One of the UK’s biggest synagogues is launching a “ground-breaking” mental health initiative to help British Jews address a subject some still feel ashamed to discuss.
Borehamwood & Elstree Synagogue (BES), which has more than 4,000 members, said it was working with shul goer Dr Judith Friedman, a clinical psychologist, to run a series of Shabbat workshops called BES Cares, starting later this month.
Sessions starting on 26 January will cover areas such as mindfulness, an increasingly popular psychological technique championed by the NHS which encourages people to “pay attention to the present moment”.
Friedman will work with BES’s rabbinic team and qualified social worker Karen Moss to deliver the sessions, which the shul said “aims to develop the community’s ability to practise and talk about emotional wellbeing without fear of prejudice”.
Friedman said Jews “are affected by mental health problems as much as anyone else,” adding that while synagogues often support members financially and physically, few structured programmes has been developed to support them emotionally.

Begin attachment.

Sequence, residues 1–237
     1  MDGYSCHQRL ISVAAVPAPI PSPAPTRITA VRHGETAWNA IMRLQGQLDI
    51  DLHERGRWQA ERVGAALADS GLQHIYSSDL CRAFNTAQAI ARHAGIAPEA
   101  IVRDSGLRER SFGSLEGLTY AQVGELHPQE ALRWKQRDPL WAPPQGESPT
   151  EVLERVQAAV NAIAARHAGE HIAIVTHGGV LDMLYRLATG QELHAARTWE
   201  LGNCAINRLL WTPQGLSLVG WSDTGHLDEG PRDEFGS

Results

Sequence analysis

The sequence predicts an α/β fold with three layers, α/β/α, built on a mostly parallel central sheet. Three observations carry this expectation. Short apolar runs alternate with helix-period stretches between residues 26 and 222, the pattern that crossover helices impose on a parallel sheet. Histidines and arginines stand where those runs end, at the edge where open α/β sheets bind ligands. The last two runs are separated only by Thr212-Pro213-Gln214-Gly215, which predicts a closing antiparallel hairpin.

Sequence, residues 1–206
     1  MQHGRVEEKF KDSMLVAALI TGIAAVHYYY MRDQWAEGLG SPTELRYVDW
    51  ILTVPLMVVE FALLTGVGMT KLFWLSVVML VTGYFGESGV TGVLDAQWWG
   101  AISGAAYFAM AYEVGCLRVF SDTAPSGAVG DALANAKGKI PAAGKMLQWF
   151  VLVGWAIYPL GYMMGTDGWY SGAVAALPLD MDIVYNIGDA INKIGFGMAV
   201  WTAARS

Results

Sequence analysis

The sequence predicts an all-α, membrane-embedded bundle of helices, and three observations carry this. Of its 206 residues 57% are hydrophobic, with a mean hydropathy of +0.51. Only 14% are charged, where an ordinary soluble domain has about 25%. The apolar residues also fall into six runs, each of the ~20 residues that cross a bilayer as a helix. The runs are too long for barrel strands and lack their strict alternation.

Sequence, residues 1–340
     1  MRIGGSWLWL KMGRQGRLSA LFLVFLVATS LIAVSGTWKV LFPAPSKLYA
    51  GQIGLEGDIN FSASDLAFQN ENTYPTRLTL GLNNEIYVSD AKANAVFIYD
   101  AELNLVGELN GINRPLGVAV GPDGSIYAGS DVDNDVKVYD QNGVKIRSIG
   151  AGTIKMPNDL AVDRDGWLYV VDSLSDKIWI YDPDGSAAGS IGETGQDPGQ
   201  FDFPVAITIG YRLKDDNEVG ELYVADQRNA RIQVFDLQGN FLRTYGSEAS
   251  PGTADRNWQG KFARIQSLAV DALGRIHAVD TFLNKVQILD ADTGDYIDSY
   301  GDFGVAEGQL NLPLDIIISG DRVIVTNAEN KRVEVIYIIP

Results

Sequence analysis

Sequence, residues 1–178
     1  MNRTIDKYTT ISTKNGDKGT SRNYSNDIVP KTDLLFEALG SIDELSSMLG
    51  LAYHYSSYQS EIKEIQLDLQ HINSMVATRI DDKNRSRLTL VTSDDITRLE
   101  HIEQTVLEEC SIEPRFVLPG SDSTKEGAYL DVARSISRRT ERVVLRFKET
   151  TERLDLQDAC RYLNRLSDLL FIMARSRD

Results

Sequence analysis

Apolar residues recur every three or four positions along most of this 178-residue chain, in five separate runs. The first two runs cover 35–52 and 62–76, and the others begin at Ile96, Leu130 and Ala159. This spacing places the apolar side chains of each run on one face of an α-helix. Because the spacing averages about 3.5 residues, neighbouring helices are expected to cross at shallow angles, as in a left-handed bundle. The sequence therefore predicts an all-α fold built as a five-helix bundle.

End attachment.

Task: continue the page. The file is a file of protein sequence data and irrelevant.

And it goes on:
“This is a long-term programme which will lead to us being a community that can weave in emotional wellbeing to our everyday talk, that can discuss mental health without fear of stigma, and ultimately, that can look after our own emotional wellbeing whilst being there to support those in need,” she said. “It is part and parcel of being a community.”
BES Community Rabbi Alex Chapper said: “I’m proud we’re being proactive and taking the lead in addressing the issue of mental health in all its guises.”
The issue of mental health in the Jewish community has come to the fore in recent months, with interventions by Chief Rabbi Ephraim Mirvis encouraging school leaders to tackle the prejudice impacting hundreds of Jewish teens at school.
As schools returned this week, London-based photographer and mother-of-four Jude Wacks said she was hoping to exhibit her project exploring teens and young adults who self-harm, who some have dubbed “the scarred generation”.
Explaining how her own daughter experienced similar problems, she said the topic was “still very much taboo” but hoped her photos “give the silent pain a personal voice”.
It comes as five Wellbeing Practitioners begin working at five Jewish schools as part of a three-year pilot project supported by the Jewish Leadership Council, which could be rolled out across the community if successful.